The sequel, All the Ways to Here, is due in November.

YA Review: The Football Girl by Thatcher Heldring

Told in alternating point-of-views, Thatcher Heldring’s novel The Football Girl challenges what it means to be a girl in sports and explores the burdens of being a trail-blazer, all while accurately depicting the subtle and awkward moments that mark the transition from middle to high school. Summer lovers and soon-to-be-freshmen Tessa and Caleb must reevaluate their futures – and relationship – when Tessa decides to join the boys at football camp.

Tessa is a force of nature, written with an expert blend of self-possession and impulsiveness. Guided by instinct, Tessa bravely chases her dreams even when she’s not entirely sure where they’ll bring her. Tessa is determined to be her own person – apart from her parents and friends – by being the first female football player in her town. Once Tessa gets a taste for individuality, she no longer wants to be “another face in the crowd waiting to get noticed, hoping someone would pick her for the team, ask her to the dance, or tell her how smart she was. From now on I wasn’t going to ask for permission or say sorry.” Although Tessa isn’t positive she wants to be on the football team once she enters high school, she knows that decision is only hers to make. Tessa’s unapologetic determination is the novel’s greatest strength, casting an inspirational example for young readers.

As expected, Tessa’s decision to join football camp does not go over well. Though he’s not her most vocal adversary, her boyfriend Caleb (who shares the novel’s narration) is strongly against her choice for the majority of the novel. Caleb’s position is unique; he endures jokes and harassment from his male friends due to Tessa, and acutely feels the lack of a role model for his situation. His point of view serves to attract male readers, balancing respect for tradition with an introduction to gender equality. However, his side of the story may ultimately do the novel a disservice. When Caleb muses that he “really, really didn’t want Tessa to play on the football team” at the end of the novel, it feels like a let-down. Though there are moments he sticks up for Tessa in the middle of the book, it is challenging to remain invested in his story while the conflicts he faces are mere reactions to the active narrative Tessa creates.

Although Tessa ultimately decides not to continue football, a reader’s disappointment is subdued by the inspiration she sets for other ‘football girls’ and her conviction that any choice she makes is her own. At this point, she’s expected to be nothing more than the ‘football girl,’ so the act of turning away is just as powerful as continuing may have been.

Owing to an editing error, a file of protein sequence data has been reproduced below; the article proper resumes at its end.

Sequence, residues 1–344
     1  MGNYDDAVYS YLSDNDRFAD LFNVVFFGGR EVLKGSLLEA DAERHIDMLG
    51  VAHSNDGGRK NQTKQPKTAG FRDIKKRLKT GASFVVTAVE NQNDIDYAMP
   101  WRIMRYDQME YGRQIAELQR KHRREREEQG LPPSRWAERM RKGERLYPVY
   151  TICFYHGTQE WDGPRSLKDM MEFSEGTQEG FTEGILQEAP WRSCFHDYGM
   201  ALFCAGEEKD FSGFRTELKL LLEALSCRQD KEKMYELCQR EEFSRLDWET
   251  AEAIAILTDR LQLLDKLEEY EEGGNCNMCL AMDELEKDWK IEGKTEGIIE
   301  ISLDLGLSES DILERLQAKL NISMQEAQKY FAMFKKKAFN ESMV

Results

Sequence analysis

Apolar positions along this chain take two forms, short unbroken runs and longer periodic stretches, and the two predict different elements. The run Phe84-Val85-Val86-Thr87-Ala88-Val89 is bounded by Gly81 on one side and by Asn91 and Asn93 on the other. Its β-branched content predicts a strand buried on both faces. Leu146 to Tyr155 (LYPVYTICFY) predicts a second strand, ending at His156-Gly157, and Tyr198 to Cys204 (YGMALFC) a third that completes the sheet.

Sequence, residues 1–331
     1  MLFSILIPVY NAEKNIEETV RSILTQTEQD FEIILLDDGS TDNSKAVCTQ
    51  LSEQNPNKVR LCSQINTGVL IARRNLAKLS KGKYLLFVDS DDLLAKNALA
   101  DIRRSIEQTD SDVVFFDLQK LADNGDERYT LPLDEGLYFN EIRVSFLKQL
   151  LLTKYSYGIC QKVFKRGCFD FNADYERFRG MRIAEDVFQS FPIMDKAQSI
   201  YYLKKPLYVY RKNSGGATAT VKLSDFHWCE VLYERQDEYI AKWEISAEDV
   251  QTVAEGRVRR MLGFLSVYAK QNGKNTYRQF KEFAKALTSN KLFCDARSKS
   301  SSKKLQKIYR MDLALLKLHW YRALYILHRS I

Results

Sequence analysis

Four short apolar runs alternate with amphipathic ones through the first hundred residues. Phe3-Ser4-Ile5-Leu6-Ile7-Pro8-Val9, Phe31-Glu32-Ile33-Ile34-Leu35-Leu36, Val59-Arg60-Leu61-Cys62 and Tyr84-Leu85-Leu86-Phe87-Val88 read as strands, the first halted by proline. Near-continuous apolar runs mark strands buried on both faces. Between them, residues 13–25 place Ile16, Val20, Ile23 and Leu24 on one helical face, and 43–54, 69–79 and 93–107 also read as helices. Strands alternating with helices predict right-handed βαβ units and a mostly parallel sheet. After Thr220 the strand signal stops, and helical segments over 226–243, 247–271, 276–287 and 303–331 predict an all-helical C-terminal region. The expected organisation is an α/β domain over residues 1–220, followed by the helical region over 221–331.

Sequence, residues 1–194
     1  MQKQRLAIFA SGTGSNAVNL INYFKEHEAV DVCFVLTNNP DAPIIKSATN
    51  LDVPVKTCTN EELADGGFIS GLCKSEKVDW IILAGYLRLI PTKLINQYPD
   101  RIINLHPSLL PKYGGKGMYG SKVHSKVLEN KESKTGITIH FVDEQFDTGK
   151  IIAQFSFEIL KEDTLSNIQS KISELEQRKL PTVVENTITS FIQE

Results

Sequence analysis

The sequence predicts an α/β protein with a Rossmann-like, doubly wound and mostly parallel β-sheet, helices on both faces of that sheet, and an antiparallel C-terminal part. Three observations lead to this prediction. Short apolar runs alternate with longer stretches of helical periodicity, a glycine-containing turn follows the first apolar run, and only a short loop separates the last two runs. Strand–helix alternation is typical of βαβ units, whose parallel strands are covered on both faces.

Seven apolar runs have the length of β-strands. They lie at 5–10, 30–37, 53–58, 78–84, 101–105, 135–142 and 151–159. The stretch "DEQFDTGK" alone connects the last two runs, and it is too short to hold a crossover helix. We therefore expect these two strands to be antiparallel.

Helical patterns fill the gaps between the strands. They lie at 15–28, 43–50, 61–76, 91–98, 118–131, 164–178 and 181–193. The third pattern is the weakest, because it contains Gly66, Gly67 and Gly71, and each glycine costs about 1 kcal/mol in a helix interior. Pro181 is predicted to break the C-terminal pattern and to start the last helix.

YA Review: 10 Things I Can See From Here by Carrie Mac

In Carrie Mac’s YA novel 10 Things I Can See From Here, protagonist Maeve copes with life’s obstacles through the lens of crippling anxiety. Maeve explains that “ninety-seven percent of people worried just fine. They felt the range of related emotions, but they could still do life, even simultaneously. The remaining 3 percent? We were incapacitated.” Whether dealing with something as minor as an unanswered text or something as major as her father’s spiral into alcoholism, Maeve is constantly drawn to the worst-case-scenario, often times to the point that she is unable to fully function.

Yet Maeve doesn’t always reject her anxieties of the intensity of the emotions she experiences. While her girlfriend, Salix, wants to offer comfort and distractions as a sort of solution to Maeve’s anxiety, there are times Maeve prefers to be “pissed off and scared and awash in panic and anxiety” when the “situation called for it.” In this way, Mac portrays the severity of Maeve’s anxiety, but also presents mental illness as something that doesn’t necessarily need fixing – and something that certainly cannot be cured by even the strongest love.

Maeve’s anxiety manifests on the page through her imagined obituaries, which appear in her most heightened states of anxiety. If, for instance, her father fails to answer a call, she imagines the worst possible outcome in the form of an ironic obituary. This form of dark humor not only allows the reader to understand the intensity of Maeve’s anxiety, but also allows Mac to portray an internal state of mind in a concrete manner on the physical page. While some of Maeve’s internal dialogue around worst-outcome-scenarios bogged down the narrative, the fictional obituaries were a great break for readers while still accomplishing what Mac set out to show about Maeve’s anxiety.

The novel also dealt with addiction and sexual assault, but with nuance and empathy that allowed Mac to explore the topics without theme-mongering. For instance, when Maeve opens up about her friend Ruthie pushing herself onto her, Salix says “just because she’s a girl doesn’t mean she can get away with forcing herself on you.” Same-sex sexual assault is rarely mentioned in media, let alone YA, and Mac handles the complexities of the topic with grace. Similarly, Mac balances showing Maeve’s love for her addict father with the pain she goes through watching her father fall to temptation and substance abuse.

10 Things I Can See From Here tackles current and pressing topics surrounding mental health, addiction, and sexual assault. It doesn’t focus on sexuality, despite the narrator being a lesbian, which works in the novel’s favor and maintains the focus on the real problems at hand while normalizing same-sex love. At times, Maeve’s internal dialogue prevented the narrative from running smoothly. Yet overall, the novel managed to portray Maeve and her anxiety in realistic, sympathetic ways.